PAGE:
For the past 18 years, Mr. Wilson Ondieki and his wife, Monica Adhiambo, have been earning their income by digging graves and latrines.
These Kisumu residents have defied societal expectations, endured criticism, and even risked their lives in their efforts to make ends meet.
Their collaboration in this work began one day when Ms. Adhiambo brought lunch to her husband on his second day of digging a 15-foot pit latrine near their home. She found Mr. Ondieki working alone without his usual assistant, known as the “handyman.”
When she asked about the assistant’s whereabouts, her husband explained that he had other commitments. “The next day when she brought me lunch, she said, ‘Baba Achieng’, let me try digging to see if I can do it. I allowed her, and she tried. When I came back home that day, she told me again, ‘Baba Achieng’, if you still don’t have an assistant, I can accompany you and help. Aren’t we looking for money?” Mr. Ondieki explained.
Similarly, Ms. Adhiambo became accustomed to the work of digging latrines, a job traditionally done by men.
“Now I have gained experience. I love this job more because it enables me to earn a living. I use the money to pay school fees, buy food, and clothes. Nowadays, I don’t borrow money from people,” Ms. Adhiambo explained.
As of now, the 45-year-old woman has honed her skills in this job to the point of surpassing her husband, who initially taught her how to dig latrines.
“I was taught for two weeks, and by the third week, I was already used to it,” Ms. Adhiambo happily remarked.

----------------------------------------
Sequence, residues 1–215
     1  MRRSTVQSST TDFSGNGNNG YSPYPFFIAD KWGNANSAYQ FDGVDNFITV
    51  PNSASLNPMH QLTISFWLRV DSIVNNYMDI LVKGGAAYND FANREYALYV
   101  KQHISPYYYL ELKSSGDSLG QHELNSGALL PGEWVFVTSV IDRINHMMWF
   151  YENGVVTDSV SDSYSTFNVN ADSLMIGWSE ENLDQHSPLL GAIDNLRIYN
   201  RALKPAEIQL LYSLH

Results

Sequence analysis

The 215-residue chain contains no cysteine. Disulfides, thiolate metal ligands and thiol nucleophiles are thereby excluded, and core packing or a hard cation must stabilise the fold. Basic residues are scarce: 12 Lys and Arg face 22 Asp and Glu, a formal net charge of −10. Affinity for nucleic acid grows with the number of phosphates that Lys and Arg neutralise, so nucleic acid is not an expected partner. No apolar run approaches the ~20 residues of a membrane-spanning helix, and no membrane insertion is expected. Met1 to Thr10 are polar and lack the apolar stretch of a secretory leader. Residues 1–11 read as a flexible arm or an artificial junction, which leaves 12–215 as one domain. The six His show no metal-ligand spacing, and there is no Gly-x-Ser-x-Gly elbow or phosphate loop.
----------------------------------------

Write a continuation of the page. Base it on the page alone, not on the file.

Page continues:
The mother of three revealed that she has had to endure criticism from people for choosing to do a job traditionally reserved for men. Surprisingly, some of the critics were from her own family.
“My brother told me that I’m doing a shameful job. But it was my husband who introduced me to this job, and I love it because it has helped me a lot,” Ms. Adhiambo explained.
Many of the latrines the couple digs are 15 feet deep, but some go as deep as 20 feet. Ms. Adhiambo sometimes encounters large stones, and in such situations, she turns to prayer for intervention.
So, how do they share their earnings from this labor?
“After completing the job, the client pays me, and that money belongs to both of us, my wife and me. We share it, half and half,” Mr. Ondieki explained.
They typically charge between Ksh 500 and Ksh 600 per foot. However, sometimes they lower the price to Ksh 400, depending on the season and their relationship with a particular client.
Aside from digging latrines, Mr. Ondieki and Ms. Adhiambo have also tried their luck in other jobs, such as grave preparation.
“We used to dig graves as well, and the payments were good. But due to cultural and traditional reasons, we decided to stop that job,” Mr. Ondieki said.
Ms. Adhiambo, a respected mother of three in the community, mentioned that besides digging latrines, she also builds houses with mud, a job known locally as “Rwadho ot.”
Her message to fellow women is not to limit themselves to traditionally feminine jobs but to explore various opportunities.
“Don’t stay at home; go out and work, and you will earn money. If you sit at home, waiting for your husband to provide everything, you may have disagreements. Sometimes there’s no flour, no cooking oil, and yet you’re sitting there doing nothing,” she said.
Ms. Adhiambo is a shining example that what a man can do, a woman can do just as well, if not better.